For businesses, clean energy program presented

Legendary New York Rangers goaltender Mike Richter spoke in favor of the clean energy program.

Legendary New York Rangers goaltender Mike Richter speaks in favor of the clean energy program at a recent Board of Selectman meeting.
— Ken Borsuk photo

Commercial businesses in Greenwich may soon be in for a financial treat if the resolution for a state program that allows for low-cost clean energy upgrades is approved by the Representative Town Meeting (RTM).

The program was presented at last week’s Board of Selectmen meeting by the chief investment officer of Clean Energy Finance and Investment Authority (CEFIA), Greenwich resident Bert Hunter.

According to Mr. Hunter, Commercial and Industrial Property Assessed Clean Energy (C-PACE) is a “financing security mechanism” that allows commercial, industrial and multifamily property owners to receive 100% upfront, long-term financing for energy upgrades to their buildings using private capital.

The program is administered by CEFIA, the nation’s first “green bank,” as part of the state’s Energize Connecticut initiative — an important effort as the state with the highest energy costs, second only to Hawaii, Mr. Hunter said.

Already adopted by 16 towns across the state, including nearby Norwalk and Stamford, C-PACE “really goes beyond clean energy,” he said. “We’re going to look at the whole spectrum of what we can do,” he said, although “energy efficiency is by far the most important” aspect. Property owners are eligible for a range of upgrades under the program, including high-efficiency lighting, heating, ventilation and air conditioning upgrades and controls, renewable energy systems, and building enclosure improvements.

The program provides 100% financing with “attractive interest rates” for a period of up to 20 years, and the financing is arranged with private capital providers, and with CEFIA, for the property owner, Mr. Hunter said. The property owner must then agree to have an assessment attached to the property, which is placed on the owner’s property tax bill. Property owners then pay for the energy improvements over time through this additional charge without having to use their own funds, and the repayment obligation automatically transfers to the next owner if that property is sold.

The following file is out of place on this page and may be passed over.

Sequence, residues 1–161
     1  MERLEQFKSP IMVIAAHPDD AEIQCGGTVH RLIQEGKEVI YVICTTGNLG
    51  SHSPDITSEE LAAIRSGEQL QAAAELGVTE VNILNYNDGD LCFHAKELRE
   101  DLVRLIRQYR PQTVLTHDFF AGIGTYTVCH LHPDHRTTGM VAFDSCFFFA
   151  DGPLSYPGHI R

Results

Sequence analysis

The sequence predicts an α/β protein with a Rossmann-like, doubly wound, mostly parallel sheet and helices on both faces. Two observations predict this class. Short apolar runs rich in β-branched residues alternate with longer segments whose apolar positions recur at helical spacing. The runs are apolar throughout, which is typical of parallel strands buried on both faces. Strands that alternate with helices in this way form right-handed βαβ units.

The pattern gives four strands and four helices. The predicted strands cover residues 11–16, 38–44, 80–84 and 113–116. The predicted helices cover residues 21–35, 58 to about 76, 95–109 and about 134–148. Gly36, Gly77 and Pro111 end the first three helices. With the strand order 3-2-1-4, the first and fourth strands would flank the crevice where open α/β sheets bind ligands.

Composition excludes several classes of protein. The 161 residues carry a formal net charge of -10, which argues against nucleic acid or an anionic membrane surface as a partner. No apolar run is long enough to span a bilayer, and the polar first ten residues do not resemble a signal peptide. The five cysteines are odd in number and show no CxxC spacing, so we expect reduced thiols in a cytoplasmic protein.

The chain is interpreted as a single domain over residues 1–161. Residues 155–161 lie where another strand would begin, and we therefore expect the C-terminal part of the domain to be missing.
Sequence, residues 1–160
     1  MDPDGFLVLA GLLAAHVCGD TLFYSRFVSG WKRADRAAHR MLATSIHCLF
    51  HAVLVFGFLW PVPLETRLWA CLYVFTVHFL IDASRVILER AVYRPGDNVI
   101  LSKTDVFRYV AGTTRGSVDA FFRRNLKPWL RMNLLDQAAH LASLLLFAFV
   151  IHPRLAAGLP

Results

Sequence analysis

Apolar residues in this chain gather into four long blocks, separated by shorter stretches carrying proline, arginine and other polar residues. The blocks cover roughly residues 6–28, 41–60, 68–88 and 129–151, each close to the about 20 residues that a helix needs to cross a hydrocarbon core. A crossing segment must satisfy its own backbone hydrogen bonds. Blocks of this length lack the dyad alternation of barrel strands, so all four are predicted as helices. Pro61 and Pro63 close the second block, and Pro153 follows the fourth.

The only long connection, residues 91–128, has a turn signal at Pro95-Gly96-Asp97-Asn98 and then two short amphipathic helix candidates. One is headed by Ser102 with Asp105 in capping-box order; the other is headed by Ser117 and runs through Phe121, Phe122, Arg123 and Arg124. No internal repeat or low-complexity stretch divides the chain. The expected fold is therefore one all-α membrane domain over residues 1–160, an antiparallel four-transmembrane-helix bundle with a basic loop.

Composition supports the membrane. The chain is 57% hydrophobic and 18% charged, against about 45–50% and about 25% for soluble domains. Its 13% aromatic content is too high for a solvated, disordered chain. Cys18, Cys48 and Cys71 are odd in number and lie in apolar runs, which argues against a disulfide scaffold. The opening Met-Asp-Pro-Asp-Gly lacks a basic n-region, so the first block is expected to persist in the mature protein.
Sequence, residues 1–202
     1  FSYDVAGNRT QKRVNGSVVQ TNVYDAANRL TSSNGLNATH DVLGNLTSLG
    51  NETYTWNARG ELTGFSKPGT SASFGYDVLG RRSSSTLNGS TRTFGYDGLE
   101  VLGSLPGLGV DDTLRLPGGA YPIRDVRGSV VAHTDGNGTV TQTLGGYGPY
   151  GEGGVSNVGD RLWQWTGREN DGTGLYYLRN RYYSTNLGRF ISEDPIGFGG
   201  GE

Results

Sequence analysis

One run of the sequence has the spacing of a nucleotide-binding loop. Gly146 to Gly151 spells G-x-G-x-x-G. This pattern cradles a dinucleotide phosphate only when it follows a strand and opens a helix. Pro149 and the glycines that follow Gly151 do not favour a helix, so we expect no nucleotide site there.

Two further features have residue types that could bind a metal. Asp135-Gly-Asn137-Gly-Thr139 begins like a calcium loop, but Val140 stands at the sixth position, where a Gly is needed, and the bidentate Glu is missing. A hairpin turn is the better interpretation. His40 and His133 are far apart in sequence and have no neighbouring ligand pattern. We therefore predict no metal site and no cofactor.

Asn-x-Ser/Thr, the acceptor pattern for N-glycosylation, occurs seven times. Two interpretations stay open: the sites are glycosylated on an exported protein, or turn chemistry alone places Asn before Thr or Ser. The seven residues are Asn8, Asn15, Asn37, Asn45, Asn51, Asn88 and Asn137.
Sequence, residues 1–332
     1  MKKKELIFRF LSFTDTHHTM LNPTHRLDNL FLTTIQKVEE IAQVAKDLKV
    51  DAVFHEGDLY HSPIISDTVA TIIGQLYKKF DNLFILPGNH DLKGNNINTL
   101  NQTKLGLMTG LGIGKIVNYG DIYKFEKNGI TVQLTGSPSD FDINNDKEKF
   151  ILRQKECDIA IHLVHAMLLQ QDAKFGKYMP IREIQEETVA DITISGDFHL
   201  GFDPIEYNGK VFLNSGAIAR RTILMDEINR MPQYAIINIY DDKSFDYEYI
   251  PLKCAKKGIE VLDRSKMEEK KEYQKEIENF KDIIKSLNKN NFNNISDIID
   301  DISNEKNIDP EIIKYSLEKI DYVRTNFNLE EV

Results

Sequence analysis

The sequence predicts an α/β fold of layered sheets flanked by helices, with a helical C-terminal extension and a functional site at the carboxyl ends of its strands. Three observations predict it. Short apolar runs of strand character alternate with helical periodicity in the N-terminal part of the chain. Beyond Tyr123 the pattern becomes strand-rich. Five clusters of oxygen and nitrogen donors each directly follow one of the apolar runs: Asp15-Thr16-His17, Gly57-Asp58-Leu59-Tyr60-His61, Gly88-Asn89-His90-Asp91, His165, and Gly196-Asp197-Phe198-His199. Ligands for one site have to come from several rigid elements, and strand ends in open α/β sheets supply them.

After an energy upgrade project proposal is passed through CEFIA’s technical review team, the cost of the property’s energy upgrades may not exceed the total savings expected from those upgrades, Mr. Hunter said. So if a property owner is expected to save $500,000 in energy costs, that owner may raise up to $500,000 in financing. Similarly, if energy measures are expected to last for 10 years, an assessment placed on the property may be made for up to 10 years, he said.

The town’s part in the C-PACE program is risk-free, Mr. Hunter said. If the program were to be adopted, Greenwich’s only responsibilities would be to factor C-PACE assessments into the existing tax and assessment collection schedule and to turn over to CEFIA only funds that had already been collected from property owners. The town would also deal directly and solely with CEFIA, no matter how many outside private capital providers contributed to funding, he said.

The advantages of opting into C-PACE are numerous, Mr. Hunter said. The program improves long-term property values, reduces emissions and therefore pollution, creates jobs, and allows property owners the freedom to choose their capital provider from those qualified by CEFIA.

After listening to Mr. Hunter’s presentation, First Selectman Peter Tesei reiterated that local businesses could not take advantage of the C-PACE program if the town doesn’t opt into it.

“We’re being responsible to act in support of this,” he said. With only an administrative role to play and no risk to the town, it’s clear that the program would be beneficial to Greenwich and its commercial businesses, he said.

Also presenting to the selectmen in favor of C-PACE was Greenwich resident and legendary New York Rangers goaltender Mike Richter. Mr. Richter is the original founder of Healthy Planet Partners, a consulting firm that provides funding, expertise and networking to help its clients minimize their energy consumption, costs and impact on the environment.

The technology required for energy efficiency and renewable energy improvements is not only available but in demand, Mr. Richter said. Most people would like to be more energy-efficient but find that they are constrained by the costs involved. The C-PACE program, he said, is a great solution to the problem. The key to the program, he added, is that the town holds no risk.

RTM member Erf Porter, who had attended the meeting to address another agenda item, also spoke on behalf of the program, noting that few efforts have been made to reduce energy consumption on the commercial side of the spectrum. Additionally, he said, C-PACE would give commercial property owners the chance to improve their competitiveness, which is ultimately good for the town.

At the conclusion of the C-PACE presentation, Mr. Tesei and his fellow selectmen passed a motion to bring the resolution to opt into the program to the RTM, the town’s legislative body, which will review C-PACE for final approval.

 

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